The crisis in capitalism

What it all boils down to is the elite's fear of any widespread critical discussion of the capitalist system and its American forms.

The crisis in capitalism


By John J. Neumaier

Whether it’s a Western type democracy or a totalitarian dictatorship, every government unfailingly seeks to embellish its own ideology.

This is not to minimize the major differences between and within divergent societies and their dominant elites and institutions. Rather, it is to heighten our awareness of the self-aggrandizement which characterizes human societies.

You can see it in the patriotic fervor that is so widely nurtured, and in the celebratory descriptions of whatever socio-economic system has been instituted.

IN dynamic societies like our own, the economy undergoes continuous change, often by legislative acts arising from struggles between and within the classes of that society. Capitalist economies, including ours, are also affected by such diverse but interrelated factors as new inventions, more sophisticated machines and technology, business cycles, domestic and foreign policies, including internal and external competition for wealth and living standards, monopolization, and globalization.

In the period of advanced industrial American capitalism, the best known and most disastrous economic crisis has been the Great Depression, which actually was global in scope. It led to Franklin Delano Roosevelt’s New Deal in the 1930s, which significantly strengthened the social safety net, especially with the enactment of Social Security.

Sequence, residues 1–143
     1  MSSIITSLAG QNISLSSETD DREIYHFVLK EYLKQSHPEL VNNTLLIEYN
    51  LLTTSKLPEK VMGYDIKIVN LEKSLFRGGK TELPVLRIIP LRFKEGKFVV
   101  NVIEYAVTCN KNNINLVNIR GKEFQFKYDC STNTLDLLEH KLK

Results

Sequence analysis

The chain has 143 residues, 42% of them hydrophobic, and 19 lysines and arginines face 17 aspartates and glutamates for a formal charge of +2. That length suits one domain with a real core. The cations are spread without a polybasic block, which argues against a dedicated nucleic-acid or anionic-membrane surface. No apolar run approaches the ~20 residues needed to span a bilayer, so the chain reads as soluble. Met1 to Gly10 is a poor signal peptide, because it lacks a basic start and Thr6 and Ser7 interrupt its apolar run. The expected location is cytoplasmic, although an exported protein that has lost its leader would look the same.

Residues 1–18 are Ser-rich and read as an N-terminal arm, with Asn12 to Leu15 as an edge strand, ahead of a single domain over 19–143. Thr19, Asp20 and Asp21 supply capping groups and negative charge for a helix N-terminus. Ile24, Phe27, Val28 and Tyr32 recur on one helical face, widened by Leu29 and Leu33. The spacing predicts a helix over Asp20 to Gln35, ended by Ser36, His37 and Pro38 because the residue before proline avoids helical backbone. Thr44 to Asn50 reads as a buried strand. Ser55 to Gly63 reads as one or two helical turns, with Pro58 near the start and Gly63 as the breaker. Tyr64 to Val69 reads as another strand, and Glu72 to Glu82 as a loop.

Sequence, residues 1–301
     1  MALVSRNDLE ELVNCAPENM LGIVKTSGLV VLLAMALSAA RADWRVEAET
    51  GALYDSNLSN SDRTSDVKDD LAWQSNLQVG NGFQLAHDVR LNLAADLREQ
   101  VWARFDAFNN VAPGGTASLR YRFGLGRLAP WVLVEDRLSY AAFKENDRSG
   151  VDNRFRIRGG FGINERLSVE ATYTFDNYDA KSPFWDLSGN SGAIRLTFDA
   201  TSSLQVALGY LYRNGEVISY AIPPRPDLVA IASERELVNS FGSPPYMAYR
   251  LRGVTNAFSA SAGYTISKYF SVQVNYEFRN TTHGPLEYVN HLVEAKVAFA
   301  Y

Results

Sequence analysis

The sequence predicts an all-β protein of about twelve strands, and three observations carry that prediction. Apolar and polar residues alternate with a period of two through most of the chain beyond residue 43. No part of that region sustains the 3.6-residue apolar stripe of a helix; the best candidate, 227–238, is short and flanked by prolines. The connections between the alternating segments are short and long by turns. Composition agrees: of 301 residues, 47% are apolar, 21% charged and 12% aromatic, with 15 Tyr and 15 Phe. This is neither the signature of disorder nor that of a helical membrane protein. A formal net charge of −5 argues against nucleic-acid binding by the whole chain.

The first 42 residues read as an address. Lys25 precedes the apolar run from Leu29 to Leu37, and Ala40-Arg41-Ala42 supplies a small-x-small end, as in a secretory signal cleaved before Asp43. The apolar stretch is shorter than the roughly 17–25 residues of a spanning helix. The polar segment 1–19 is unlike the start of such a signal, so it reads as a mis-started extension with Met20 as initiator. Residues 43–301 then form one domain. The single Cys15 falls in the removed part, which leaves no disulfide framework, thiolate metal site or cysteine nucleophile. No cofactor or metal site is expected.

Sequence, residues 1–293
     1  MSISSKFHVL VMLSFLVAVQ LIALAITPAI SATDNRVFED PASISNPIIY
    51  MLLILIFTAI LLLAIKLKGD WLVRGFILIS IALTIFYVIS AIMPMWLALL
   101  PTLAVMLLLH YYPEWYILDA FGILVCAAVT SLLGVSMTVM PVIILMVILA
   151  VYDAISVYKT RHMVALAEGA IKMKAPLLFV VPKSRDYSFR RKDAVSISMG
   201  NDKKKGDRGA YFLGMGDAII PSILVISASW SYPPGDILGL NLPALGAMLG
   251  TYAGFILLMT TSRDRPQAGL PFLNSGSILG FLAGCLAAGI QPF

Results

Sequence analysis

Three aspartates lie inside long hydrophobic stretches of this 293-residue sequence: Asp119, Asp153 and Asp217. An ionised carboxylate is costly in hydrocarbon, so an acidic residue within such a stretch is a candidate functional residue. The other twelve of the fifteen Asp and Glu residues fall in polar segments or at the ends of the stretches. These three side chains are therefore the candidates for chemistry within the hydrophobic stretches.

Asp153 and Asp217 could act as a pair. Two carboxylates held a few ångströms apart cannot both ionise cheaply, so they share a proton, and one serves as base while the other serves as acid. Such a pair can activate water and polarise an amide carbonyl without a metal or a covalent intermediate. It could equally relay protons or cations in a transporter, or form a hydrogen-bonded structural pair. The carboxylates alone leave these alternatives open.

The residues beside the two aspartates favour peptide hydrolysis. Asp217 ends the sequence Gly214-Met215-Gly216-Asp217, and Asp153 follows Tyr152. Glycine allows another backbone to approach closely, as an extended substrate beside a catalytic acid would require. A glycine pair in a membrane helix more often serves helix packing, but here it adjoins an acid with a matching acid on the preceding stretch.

This and other fundamental New Deal reforms of U.S. capitalism were of course very controversial and strenuously opposed, then as now, by the more conservative Republicans. Among the wealthy, FDR was regarded as a traitor to his class, although others viewed him as the protector if not savior of American capitalism.

THE social and economic struggles over New Deal type reforms have not disappeared. Far from it. Conservatives have continued to fight like tigers to keep corporations and the market free from government-mandated regulations (just look at the passionate Republican opposition to the recent financial overhaul, weakened as it was).